Survey shows patients' privacy concerns
ALMOST half of conversations between medical staff and patients at Ipswich Hospital fail to take place in private, a report said today.A survey into patient privacy and dignity shows 47per cent of patients think their conversations are overheard by other patients.
ALMOST half of conversations between medical staff and patients at Ipswich Hospital fail to take place in private, a report said today.
A survey into patient privacy and dignity shows 47per cent of patients think their conversations are overheard by other patients.
The survey also revealed 17pc of people do not feel like they get long enough to talk about their condition to their doctor and 16pc felt unsafe at some point while on a ward.
And 80per cent said they did not know how to make a formal complaint.
Pru Rush, Ipswich Hospital Patient and Public Involvement (PPI) Forum spokesman, said: “Hospital staff should make sure privacy and dignity is maintained.
“I don't know how staff can make sure all conversations are private, as when you are talking to someone at their bedside it's impossible to stop others from listening.
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“Perhaps where possible the patient could be moved into a clinic situation.
“As for 80pc not knowing how to complain, I'm surprised at that. We must make sure they get the information when they come into the hospital. I think it probably is available but not clearly pointed out.
“Compared to the rest of the east of England, Ipswich Hospital shows up favourably in the survey, but there's always room for improvement.”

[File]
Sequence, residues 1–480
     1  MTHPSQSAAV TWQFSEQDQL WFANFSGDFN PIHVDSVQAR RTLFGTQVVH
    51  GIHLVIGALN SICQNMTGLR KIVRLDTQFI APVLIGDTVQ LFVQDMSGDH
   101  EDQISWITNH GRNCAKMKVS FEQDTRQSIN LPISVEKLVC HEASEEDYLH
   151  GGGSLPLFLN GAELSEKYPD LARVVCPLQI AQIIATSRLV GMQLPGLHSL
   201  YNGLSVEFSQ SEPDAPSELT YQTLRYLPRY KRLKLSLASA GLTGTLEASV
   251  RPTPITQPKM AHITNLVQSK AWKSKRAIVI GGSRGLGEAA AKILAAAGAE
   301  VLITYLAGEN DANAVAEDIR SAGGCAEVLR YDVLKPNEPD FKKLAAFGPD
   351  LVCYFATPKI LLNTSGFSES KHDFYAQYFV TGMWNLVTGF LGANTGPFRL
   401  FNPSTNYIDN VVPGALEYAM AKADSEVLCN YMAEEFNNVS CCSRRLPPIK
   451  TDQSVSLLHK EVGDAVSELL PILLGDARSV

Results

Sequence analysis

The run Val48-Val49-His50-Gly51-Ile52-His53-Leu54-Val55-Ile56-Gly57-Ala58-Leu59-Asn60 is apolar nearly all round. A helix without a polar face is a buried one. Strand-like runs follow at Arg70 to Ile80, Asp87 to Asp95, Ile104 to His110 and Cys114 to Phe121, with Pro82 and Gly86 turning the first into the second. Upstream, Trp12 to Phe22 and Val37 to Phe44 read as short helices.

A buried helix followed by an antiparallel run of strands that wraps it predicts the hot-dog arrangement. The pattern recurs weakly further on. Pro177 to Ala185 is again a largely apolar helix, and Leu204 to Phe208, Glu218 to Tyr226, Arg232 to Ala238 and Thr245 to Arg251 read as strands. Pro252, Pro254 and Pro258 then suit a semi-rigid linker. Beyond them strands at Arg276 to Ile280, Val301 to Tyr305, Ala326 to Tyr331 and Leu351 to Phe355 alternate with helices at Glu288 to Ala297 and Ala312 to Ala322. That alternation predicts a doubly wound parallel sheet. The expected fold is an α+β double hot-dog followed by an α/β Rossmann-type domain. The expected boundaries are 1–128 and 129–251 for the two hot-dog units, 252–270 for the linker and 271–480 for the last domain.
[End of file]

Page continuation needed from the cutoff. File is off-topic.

The report also held positive news for the hospital. From those surveyed, nobody had to wait more than six hours for a bed on a ward, with 70pc waiting under an hour.
And 100pc said they were spoken to politely by nursing staff and doctors.
Jan Rowsell, hospital spokesman, said: “All surveys are valuable to us as they give us information about how we can improve.
“We will pay particular attention to the areas highlighted by the PPI forum and already have an action plan in place.”
The figures were revealed after an investigation by the Commission for Patient and Public Involvement in Health (CPPIH) to discover the levels of respect and dignity given to patients.
Sharon Grant, CPPIH chairman, said: “Patients are more than flesh and bones, and they have feelings and individual needs. Their experience of being a patient is shaped just as much by the respect they are shown, as by the actual medical treatment they receive.”
n Have you been a patient at Ipswich Hospital? Were you given the dignity and respect you would expect? Write to Your Letters, Evening Star, 30 Lower Brook Street, Ipswich, IP4 1AN, or e-mail firstname.lastname@example.org